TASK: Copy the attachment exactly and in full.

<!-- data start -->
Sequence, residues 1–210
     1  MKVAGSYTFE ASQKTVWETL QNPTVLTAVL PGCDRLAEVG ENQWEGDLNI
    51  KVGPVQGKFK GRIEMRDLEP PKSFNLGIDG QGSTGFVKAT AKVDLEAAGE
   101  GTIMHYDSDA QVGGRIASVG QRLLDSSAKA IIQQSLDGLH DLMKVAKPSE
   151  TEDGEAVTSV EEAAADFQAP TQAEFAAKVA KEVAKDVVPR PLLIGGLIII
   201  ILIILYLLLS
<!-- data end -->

Sequence, residues 1–210
     1  MKVAGSYTFE ASQKTVWETL QNPTVLTAVL PGCDRLAEVG ENQWEGDLNI
    51  KVGPVQGKFK GRIEMRDLEP PKSFNLGIDG QGSTGFVKAT AKVDLEAAGE
   101  GTIMHYDSDA QVGGRIASVG QRLLDSSAKA IIQQSLDGLH DLMKVAKPSE
   151  TEDGEAVTSV EEAAADFQAP TQAEFAAKVA KEVAKDVVPR PLLIGGLIII
   201  ILIILYLLLS